Choosing Fashion over Comfort: Do Heels Make us Feel Taller?

Mandatory High Heels

The sound of the stilettos hitting the marble floor becomes the siren of a powerful woman walking down the aisle. The perfect walk is appreciated by the peers and that glamorous pair of heels adds an air of confidence to her. But not many are aware of the pair of worn out flats under her table that she slips into the moment she sits down.

This is the face of the corporate woman today – choosing fashion over comfort because that has become the unsaid norm.

While some firms do impose this rule on women, other working women claim it to be something that the female employees assimilate from their peers.

An employee of the French Embassy in New Delhi shares that she observes a growth in the number of women, under 30 wearing heels, saying that most of the leading shoe brands do not feature kitten heels – they will either have ballerina flats or 6-inch heels. “It is an unsaid thing to wear formal with heels. While women choose to wear really high heels, others are compelled to wear them because of a dearth of short heels. They surely make you look good with your formalwear and this is aided by the peers and the designers equally.”

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Warsha Bharadwaj, who recently joined her first job in a multinational firm, says, “the first day I walk in and I see most of the women dressed as if they were about to walk the runway. At first, I was shocked, but into the job for a week, I realised that I had absorbed this work culture. And it wasn’t something that the firm had mandated to do but it was the women who were doing so.”

Women have begun to spend more on footwear and their looks and thus there is a change in footwear. There is a cross that women have found between heels and comfort and that is wedges. The broad heels give the height and the comfort by providing support to the entire foot. Adding to this, a manager at a business planning firm said, “I would surely wear heels when there is a formal meeting, and I like the way my posture changes with wearing heels.”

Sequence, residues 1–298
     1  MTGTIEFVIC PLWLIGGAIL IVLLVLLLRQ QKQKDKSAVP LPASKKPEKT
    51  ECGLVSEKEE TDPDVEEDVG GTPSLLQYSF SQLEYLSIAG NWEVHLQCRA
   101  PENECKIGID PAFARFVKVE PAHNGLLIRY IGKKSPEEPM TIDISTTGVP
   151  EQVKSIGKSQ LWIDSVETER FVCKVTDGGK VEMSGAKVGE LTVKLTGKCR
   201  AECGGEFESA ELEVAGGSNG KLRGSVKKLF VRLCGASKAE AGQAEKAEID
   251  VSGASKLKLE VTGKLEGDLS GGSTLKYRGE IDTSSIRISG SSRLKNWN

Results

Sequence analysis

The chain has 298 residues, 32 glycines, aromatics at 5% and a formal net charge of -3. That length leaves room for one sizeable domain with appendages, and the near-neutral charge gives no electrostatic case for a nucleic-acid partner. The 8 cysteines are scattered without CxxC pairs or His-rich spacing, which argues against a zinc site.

The need for wearing heels is not just restricted to the corporate world but is a necessity in the glamorous and a requirement in the airline sector too.

“It is an absolute crime to walk into a casting room wearing flats or anything less than four inches. It doesn’t give you the grace that is required. The parties too are a point where you are judged for what you are wearing and since heels are an important part of it, we have to wear those foot killers for long hours,” says Sonali Kumar, an aspiring model from Delhi.

However, there is a maximum heel height limit for cabin crew of airlines. Ladies must have heels that are no higher than three inches to decrease the risk of accidents and maintain the height too.

Heels have known to make someone feel more confident about themselves. They tend to walk and talk in a more poised manner, getting more attention than usual.

Manisha Dua, a senior executive in Office Services claims, “I personally believe that a workplace has a certain decorum and dress codes are meant to align with the business needs. It is a personal choice of ladies who may lean towards fashion and give up on comfort.”

Nevertheless, many have been choosing comfort despite all the notions attached to wearing heels. Women have become more conscious of their health and feel that attires do not make or break confident images.

“Heels have become a part of power dressing in India primarily because they add to the posture and hence provide a more confident look. However, more and more women, especially those in their 30s and beyond, are shunning them now. Primarily because of the ill-health effects. “Certain industries do need you to wear heels but most new workplaces are open to the idea of smart yet casual dressing,” says Reha Bublani, head of curriculum at a youth leadership consultancy, who believes that workplace attires do not necessarily mean towering heels.

In an article, Dr Annamalai, a consultant at Manipal Hospital says, “there is 22% pressure on the forefoot. This increases rather dramatically to 57% with two inches and 76% with three inches. That is a lot of pressure on the foot.”

We see an array of responses and views on the formal footwear and dress code. Women choose to experiment, stay within their comfort zone or even choose the trickier path. But all do agree with the health hazards of them and opt for comfort in the long run. Despite this all, are we really in need of a particular kind of footwear to define our seriousness?

Pic Credit: SHEfinds

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Jagriti is an intern with SheThePeople.TV

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